Daily, I am reminded how important the flock bond as well as the human bond, are in the life of a budgie. Feather Family structure is so important to the self confidence of companion birds. It tells them it is OK to really be a bird. With Just under 20 birds we have opportunities to experiment with social dynamics. Just after Christmas. We released all of the budgies save, Teddy and Apollo who are in our special needs cage. It is clear that flock interaction is so important. We usually rotate a second pair into the special needs cage to keep Teddy and Apollo company. Because our flock is used to more than one or 2 budgies in an enclosure we have found that in order to keep Apollo and Teddy active, they need that second pair, usually Sunny Sky or his younger brother and their special hens. Except for illness or breeding we try to watch and place flock buddies in the same flight or the flight adjoining it. The larger flight is just a few feet away in the aviary greenhouse so the whole flock can hear each other back and forth all day and hear the music we replay all day for them .

Right now we are working with Teddy to support her after loosing her best budgie friend Cinnamon, Both Teddy and Cinnamon are elder budgie hens. Taking an older budgie from its flock is risky for their emotional well being.

We moved our flock in units of 10 to 15 birds to their new home, and waited for each group to adjust and pass quarantine, before setting up a new transport. This reduces the stress on the old flock that will meld with our flock. Also we try never to introduce new members to a breeding flock while there are families in the nest box. We try to allow 6 weeks before and after the breeding session each year. This helps avoid French Molt and similar illiness issues that are specific for the chicks less than 12 weeks old. We avoid the word "rush" around the breeding boxes. We usually set up 3 pairs as a minimum to allow for possible foster parents and possible failure to lay or fill the eggs. This also provides the flock comfort that tells a hen that it is safe to lay and raise a family.We have used the recorded sounds of an active budgie breeding room to assist in the process.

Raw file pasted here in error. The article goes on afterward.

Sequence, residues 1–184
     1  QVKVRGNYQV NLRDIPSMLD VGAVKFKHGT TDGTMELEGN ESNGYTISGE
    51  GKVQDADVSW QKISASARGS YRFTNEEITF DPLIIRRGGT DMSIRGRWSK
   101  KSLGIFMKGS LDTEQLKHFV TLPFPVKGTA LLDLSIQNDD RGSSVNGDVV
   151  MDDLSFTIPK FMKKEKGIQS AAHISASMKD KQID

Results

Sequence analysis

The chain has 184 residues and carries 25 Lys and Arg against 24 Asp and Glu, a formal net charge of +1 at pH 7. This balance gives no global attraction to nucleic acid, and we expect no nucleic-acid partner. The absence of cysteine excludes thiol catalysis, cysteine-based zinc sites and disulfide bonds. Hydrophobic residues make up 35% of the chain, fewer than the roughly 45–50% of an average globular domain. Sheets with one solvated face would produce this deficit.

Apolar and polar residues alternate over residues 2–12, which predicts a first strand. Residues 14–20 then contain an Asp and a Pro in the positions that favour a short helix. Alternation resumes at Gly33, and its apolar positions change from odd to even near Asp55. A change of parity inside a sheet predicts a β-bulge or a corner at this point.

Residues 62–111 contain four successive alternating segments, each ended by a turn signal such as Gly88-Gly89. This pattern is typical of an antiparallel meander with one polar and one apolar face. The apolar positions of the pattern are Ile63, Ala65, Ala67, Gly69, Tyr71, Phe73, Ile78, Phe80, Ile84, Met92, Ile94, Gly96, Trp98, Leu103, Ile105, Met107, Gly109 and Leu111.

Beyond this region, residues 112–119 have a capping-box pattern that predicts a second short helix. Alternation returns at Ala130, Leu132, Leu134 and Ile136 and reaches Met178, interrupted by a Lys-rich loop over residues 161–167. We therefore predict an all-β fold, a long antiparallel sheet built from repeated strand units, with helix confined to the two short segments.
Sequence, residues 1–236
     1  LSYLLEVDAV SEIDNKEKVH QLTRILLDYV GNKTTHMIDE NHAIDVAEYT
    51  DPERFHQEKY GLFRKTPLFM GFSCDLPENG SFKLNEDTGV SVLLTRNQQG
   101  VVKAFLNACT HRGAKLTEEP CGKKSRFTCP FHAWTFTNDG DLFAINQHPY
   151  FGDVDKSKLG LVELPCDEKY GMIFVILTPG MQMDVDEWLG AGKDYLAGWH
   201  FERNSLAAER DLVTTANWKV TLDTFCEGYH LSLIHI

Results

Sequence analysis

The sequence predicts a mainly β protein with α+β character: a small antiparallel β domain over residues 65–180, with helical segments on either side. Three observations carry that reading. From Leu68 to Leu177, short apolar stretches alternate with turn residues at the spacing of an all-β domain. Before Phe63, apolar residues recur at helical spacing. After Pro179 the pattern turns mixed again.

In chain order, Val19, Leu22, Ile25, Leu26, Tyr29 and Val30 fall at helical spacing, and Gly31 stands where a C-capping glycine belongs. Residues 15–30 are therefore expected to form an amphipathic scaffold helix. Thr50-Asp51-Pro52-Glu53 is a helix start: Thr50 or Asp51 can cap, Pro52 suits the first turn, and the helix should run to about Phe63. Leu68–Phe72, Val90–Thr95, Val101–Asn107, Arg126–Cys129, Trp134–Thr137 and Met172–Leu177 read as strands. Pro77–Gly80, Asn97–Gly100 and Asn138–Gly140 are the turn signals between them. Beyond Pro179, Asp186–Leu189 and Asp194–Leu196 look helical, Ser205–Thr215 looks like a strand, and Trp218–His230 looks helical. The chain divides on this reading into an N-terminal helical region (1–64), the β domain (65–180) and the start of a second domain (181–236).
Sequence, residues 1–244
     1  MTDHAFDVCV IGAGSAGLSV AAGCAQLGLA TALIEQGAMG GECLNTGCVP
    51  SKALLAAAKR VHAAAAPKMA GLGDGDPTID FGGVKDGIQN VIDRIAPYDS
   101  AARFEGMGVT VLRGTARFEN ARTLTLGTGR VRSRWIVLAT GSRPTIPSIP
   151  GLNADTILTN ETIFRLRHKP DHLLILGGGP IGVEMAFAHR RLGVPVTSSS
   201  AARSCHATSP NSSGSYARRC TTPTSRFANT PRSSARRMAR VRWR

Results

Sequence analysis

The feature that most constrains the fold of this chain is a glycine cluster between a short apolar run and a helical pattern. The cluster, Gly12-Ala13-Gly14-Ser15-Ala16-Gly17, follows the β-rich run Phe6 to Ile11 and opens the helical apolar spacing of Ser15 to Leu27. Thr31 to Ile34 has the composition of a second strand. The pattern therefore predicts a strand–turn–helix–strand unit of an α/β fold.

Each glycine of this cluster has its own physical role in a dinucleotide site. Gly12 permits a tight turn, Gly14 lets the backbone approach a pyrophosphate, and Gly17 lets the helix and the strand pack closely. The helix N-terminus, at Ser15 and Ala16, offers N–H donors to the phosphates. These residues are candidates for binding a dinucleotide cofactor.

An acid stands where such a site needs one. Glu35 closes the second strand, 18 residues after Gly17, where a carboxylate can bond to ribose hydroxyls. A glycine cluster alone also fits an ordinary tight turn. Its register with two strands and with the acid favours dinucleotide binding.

So now we are checking to see if Teddy and Apollo will become buddies. So far Teddy sits on the perch next to Apollo but he is still loyal to his best bud, Sunny Sky. or Sky's little brother. This process can take weeks or months, especially when we are working with the loss of a long time mate or best bud. We do extra hand feeding with the older birds to help prevent refusal to eat by the surviving pair member. These are opportunities for us humans to observe and learn about budgie social dynamics. Deb can tell you a wonderful story of members of her flock gathering to support a hen who was having problems adjusting to her new home and the opportunity to fly outside her cage with the rest of the flock. I love listening to and watching her flocks dynamics in the pics she posts. What a blessings to be a small part of TB. Jo Ann
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Old 02-13-2017, 06:42 PM
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I guess i mostly meant budgies that were socialized with humans at a young age XD, i said hand fed because you definetly have more human interaction that way where as if they were raised by their parents the breeder could simply have as little contact with the budgie as possible, although im not saying this is what happens normally.
Also yes, i realize the great amount of patience and care you need for raising a budgie, after all it is a living thing with feelings, like a really mini child. It's mostly why i want to make sure the budgies i have stay happy and healthy, hence me wanting to get Spike another buddy that will actually like him, even though i know the effort it takes to take care of one

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Originally Posted by Jo Ann View Post